We're one month in to the health insurance exchanges, and after three and a half years of forecasting data is now emerging on the individual health insurance exchanges across the nation. These trends point at the impact of the Affordable Care Act (ACA) on the health insurance industry, as well as on individual Americans. The McKinsey Center for U.S. Health System Reform recently released an early report analyzing 21,000 unique qualified health plans filed on the state public health insurance exchanges, in all 501 rating areas in the 50 states and District of Columbia.
Their analysis focuses primarily on the plans available, carriers and new entrants into the individual health insurance market, and cost analysis.
4 Preliminary Trends of the Health Insurance Exchanges
The McKinsey report outlines five trends from their analysis of the first two weeks of the individual health insurance exchanges (through October 15, 2013):
The competitive landscape in the individual market has changed considerably, given the number of new entrants (80 new carriers).
These new entrants are pricing competitively, but are not usually price leaders.
Premium levels vary considerably, both within and across markets.
Zero-net-premium products are widely available.
1. The Competitive Landscape of the Individual Market is Changing
According to the report, 80 new carriers have entered the individual market, ranging by state from 1 new carrier to 17. Nationwide, new entrants represent 28% of all carriers on the exchanges and 16% of all products offered.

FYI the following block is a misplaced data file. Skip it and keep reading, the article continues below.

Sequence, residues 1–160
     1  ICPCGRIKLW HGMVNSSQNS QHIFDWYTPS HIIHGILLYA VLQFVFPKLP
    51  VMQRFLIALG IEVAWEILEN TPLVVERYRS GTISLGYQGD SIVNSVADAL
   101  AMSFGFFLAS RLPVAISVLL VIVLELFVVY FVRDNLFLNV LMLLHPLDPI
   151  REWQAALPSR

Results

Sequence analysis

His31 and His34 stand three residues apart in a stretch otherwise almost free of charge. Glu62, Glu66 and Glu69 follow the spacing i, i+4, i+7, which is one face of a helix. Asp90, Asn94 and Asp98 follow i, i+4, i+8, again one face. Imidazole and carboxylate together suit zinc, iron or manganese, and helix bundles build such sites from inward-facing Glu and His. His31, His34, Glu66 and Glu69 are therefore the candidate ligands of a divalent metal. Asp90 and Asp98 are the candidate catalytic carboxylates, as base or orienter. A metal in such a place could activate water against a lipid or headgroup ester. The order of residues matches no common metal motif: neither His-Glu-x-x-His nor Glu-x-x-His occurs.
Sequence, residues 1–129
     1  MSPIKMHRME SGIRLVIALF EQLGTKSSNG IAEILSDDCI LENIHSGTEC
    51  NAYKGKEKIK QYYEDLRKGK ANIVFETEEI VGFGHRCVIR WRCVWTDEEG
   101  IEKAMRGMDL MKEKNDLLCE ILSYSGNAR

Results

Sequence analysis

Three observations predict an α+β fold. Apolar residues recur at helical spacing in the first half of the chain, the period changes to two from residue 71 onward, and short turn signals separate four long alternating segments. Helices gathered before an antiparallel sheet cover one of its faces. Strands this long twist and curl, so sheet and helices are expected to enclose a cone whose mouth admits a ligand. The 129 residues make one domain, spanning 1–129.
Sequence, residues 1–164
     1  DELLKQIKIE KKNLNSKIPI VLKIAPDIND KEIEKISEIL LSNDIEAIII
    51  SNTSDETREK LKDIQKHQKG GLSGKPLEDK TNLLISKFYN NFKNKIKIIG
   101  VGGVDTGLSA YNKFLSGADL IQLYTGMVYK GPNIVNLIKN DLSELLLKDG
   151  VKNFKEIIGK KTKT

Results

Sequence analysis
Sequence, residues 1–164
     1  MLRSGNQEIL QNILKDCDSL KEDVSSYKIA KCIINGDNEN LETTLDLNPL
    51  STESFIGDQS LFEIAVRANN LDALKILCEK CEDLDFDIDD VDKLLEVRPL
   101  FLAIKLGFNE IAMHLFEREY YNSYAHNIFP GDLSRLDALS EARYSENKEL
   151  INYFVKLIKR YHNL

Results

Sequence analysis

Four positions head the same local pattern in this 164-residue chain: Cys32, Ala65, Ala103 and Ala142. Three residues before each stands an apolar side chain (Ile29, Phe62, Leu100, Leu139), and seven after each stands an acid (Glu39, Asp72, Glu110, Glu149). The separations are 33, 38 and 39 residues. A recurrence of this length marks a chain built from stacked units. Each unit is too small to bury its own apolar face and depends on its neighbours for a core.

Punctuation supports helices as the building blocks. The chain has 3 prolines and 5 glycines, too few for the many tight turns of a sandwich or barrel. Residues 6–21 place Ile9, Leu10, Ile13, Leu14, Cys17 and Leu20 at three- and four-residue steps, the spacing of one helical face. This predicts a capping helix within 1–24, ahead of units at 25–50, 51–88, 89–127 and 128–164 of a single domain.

2. New Entrants Pricing Competitively, But Usually Not Price Leaders
According to the report, new entrants are pricing competitively, but usually not the price leaders. Nationwide, about half the new entrants’ plans are priced below the median in their respective markets. And, about a third the new entrants’ plans are within 10% of the lowest-price plan.
3. Premium Levels Vary Considerably
According to the report, in most rating areas large variations in pricing are present within and across metal tiers. The report pointed to several factors contributing to these pricing differences within a given rating area including degree of network narrowing, different costs of care, and different assumptions about risk pool (i.e., morbidity of expected membership).
4. Zero-Net-Premium Products Widely Available
According to the report, 6 to 7 million Americans may be eligible for a zero-net-premium bronze plan, and about 1 million Americans may be eligible for a zero-net-premium silver plan. In other words, the federal premium subsidy covers the entire health insurance premium. How does this work? Here is an example the report provides:
"... consider a 42 year old single female living in Jackson, Mississippi earning $23,000 a year (200 percent of the federal poverty level). For her income level, the maximum premium she is expected to pay is 6.3 percent of her income, or $121 a month. Because the second-lowest silver plan available in her rating area is $425, the federal premium subsidy for her is $304. If she chooses to buy the lowest-price bronze product (priced at $236), the “net premium” for her is zero because it is priced below her subsidy."
The full report and analysis is available here: McKinsey Center for US Health System Reform.
Which of these preliminary health insurance exchange trends stand out to you? Leave a comment below.